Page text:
TRENTON – New Jersey Attorney General Gurbir S. Grewal has urged the Trump Administration to preserve existing federal guidance on school discipline that discourages the use of expulsion, suspension and other “exclusionary” forms of discipline, because those disciplinary measures are disproportionately imposed on children of color and lead to poor educational outcomes for all children. The Administration has threatened to repeal the four-year-old guidance.
In a letter sent Friday and addressed jointly to U.S. Secretary of Education Betsy DeVos and U.S. Attorney General Jeff Sessions, Attorney General Grewal and 10 other participating Attorneys General say they “strongly oppose” any effort to rescind or weaken the federal School Discipline Guidance Package issued in 2014, because it benefits both students and educators.
Specifically, the multi-state letter notes, the School Discipline Guidance Package calls for avoidance where possible of “school exclusion” as a means of discipline, and advocates instead for application of such alternatives as Positive Behavior Interventions and Supports (PBIS) and Social-Emotional Learning.
The letter explains that multiple sources – including a report issued earlier this year by the non-partisan Government Accountability Office (GAO) – have found that suspensions and other exclusionary forms of discipline contribute to such harms as repeated grade levels, increased likelihood of juvenile delinquency, delayed graduations and students dropping out of school altogether. Students who dropped out of high school due to suspensions would cost the state of California alone about $2.7 billion, including lost wages and tax revenues, increased crime, and higher welfare and health costs.
The letter describes as “truly shocking” a statistic cited in the GAO report that, with regard to suspensions, African-American students are overrepresented by “about 23 percentage points.”
Another key finding of the GAO report, the letter points out, is that implicit bias on the part of school officials may contribute to disparity in the imposition of school discipline.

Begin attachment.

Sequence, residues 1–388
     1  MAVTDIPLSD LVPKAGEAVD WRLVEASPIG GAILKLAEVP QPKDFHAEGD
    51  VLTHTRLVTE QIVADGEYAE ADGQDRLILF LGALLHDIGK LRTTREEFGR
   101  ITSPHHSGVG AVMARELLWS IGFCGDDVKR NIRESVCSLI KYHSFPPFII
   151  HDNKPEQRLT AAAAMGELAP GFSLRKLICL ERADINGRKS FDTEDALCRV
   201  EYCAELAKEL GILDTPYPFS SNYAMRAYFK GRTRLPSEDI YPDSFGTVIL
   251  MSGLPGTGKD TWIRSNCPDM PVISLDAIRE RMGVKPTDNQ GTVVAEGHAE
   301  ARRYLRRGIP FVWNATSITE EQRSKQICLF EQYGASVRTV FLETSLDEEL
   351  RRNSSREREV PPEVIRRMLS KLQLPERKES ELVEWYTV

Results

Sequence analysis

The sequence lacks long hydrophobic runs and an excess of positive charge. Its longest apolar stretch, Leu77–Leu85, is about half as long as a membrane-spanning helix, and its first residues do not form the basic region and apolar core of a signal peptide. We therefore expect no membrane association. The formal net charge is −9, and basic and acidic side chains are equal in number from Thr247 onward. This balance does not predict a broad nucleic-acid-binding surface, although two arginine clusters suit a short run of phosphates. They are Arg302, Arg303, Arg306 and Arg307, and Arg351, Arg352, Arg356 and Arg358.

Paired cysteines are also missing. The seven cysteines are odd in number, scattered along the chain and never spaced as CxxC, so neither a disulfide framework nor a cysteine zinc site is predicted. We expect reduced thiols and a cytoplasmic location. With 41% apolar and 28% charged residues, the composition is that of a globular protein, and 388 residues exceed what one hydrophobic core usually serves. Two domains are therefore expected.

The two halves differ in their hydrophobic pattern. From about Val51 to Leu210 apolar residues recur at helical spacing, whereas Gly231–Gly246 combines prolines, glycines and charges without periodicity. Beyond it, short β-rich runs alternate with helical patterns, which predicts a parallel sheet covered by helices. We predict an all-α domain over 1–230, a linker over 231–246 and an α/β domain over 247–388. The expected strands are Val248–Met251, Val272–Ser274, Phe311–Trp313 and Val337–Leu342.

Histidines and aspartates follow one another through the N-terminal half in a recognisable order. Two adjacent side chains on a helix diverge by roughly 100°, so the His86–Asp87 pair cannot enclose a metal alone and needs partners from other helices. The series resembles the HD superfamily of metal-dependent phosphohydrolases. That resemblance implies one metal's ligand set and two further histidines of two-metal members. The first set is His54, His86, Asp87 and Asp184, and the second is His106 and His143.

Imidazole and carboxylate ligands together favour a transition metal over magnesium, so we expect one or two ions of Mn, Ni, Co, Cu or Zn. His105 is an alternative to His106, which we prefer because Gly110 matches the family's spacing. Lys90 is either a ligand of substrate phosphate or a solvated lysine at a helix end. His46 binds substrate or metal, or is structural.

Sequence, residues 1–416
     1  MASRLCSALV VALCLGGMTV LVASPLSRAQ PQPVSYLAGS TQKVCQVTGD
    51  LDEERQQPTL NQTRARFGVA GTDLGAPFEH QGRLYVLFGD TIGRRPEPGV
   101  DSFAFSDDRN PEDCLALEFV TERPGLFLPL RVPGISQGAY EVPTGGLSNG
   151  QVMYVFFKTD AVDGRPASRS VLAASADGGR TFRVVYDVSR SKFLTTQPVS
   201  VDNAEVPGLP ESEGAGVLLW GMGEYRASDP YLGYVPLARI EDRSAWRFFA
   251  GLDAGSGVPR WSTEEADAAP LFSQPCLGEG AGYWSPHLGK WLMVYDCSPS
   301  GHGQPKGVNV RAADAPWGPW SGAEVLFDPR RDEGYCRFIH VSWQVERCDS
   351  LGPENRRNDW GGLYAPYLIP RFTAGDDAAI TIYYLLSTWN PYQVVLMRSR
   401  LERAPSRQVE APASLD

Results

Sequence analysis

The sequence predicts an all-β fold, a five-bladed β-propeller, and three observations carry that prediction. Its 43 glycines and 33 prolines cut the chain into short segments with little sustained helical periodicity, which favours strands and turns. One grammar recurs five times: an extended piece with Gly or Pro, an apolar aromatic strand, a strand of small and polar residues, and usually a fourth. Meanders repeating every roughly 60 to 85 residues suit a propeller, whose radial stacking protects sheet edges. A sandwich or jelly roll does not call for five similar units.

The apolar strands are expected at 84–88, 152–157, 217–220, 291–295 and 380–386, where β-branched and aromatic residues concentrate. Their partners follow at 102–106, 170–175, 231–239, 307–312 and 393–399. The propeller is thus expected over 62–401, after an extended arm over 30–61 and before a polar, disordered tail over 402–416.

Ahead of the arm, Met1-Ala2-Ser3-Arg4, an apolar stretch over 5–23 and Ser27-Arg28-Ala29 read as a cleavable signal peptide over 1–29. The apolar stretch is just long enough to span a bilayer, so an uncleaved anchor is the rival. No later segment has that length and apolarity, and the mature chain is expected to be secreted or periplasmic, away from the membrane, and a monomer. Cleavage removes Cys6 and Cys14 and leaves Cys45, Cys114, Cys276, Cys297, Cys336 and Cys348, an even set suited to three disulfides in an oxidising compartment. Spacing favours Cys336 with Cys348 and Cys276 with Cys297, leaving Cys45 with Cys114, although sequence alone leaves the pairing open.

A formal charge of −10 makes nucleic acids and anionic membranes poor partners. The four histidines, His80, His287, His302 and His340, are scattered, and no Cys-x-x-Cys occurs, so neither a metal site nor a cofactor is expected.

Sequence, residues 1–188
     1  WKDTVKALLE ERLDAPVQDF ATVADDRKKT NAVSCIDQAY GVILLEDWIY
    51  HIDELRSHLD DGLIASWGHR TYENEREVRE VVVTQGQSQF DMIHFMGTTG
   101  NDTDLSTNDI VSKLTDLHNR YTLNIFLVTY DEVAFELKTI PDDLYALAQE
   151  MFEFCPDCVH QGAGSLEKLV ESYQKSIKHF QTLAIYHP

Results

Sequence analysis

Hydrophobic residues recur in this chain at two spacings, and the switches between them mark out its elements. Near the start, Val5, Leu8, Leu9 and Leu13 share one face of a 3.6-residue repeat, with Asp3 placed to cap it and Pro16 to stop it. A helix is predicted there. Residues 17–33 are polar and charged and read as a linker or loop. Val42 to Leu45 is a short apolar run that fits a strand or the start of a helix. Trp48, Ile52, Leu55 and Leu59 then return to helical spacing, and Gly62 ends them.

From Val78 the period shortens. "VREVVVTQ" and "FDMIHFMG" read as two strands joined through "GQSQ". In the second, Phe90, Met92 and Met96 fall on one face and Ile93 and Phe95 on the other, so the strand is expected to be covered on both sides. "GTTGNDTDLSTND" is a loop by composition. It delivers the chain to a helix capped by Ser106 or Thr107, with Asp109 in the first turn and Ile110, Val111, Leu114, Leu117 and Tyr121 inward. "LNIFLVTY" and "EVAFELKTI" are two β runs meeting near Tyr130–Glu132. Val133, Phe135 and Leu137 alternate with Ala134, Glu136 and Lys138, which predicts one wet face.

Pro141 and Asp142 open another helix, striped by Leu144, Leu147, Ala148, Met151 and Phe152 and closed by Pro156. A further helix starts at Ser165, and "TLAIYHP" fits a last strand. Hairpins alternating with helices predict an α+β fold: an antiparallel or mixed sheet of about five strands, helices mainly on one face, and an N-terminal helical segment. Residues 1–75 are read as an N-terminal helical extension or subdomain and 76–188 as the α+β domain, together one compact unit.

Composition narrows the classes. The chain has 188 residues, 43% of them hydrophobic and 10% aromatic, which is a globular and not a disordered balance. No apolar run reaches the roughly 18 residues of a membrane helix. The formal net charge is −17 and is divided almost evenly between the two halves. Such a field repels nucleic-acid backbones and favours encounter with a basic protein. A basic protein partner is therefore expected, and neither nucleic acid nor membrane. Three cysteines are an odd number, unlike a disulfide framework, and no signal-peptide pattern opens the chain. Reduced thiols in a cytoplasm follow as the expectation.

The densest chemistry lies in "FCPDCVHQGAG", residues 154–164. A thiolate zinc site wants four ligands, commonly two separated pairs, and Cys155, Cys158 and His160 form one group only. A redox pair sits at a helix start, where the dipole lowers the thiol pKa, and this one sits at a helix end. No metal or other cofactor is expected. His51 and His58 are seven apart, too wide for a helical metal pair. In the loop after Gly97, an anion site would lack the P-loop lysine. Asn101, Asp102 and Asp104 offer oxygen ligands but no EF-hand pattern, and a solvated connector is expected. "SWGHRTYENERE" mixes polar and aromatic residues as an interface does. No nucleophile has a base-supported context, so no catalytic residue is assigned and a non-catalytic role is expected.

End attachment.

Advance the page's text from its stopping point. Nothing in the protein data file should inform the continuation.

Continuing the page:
“The 2014 Guidance addressed important issues, including implicit bias and disparate treatment in the administering of school discipline,” said Attorney General Grewal. “To rescind the Guidance now would be counter-productive and do real harm to our students, our schools and our State.”
“When inequality exists in the classroom, people look to our leaders for direction,” said Lamont O. Repollet, New Jersey Commissioner of Education. “That's why this guidance was created. Its elimination would signal the U.S. Department of Education is shirking its duty to provide a leadership role – and it would send the wrong message to the very children that the guidelines were designed to protect.”
Today’s multi-state letter asserts that it is “not surprising that numerous civil rights organizations – including the Leadership Conference on Civil and Human Rights, ACLU, Lawyers’ Committee for Civil Rights Under Law, NAACP, Disability Rights California and almost 150 additional groups – have expressed their opposition” to DOE’s threatened action.
The letter goes on to remind Secretary DeVos and Attorney General Sessions that both of their agencies have a responsibility under the law to safeguard the rights of students, and calls on them to keep the four-year-old federal guidance on school discipline in place.
“To do otherwise would be an abdication of your agencies’ critical role, as established by Congress, to protect students’ civil rights,” the letter concludes.
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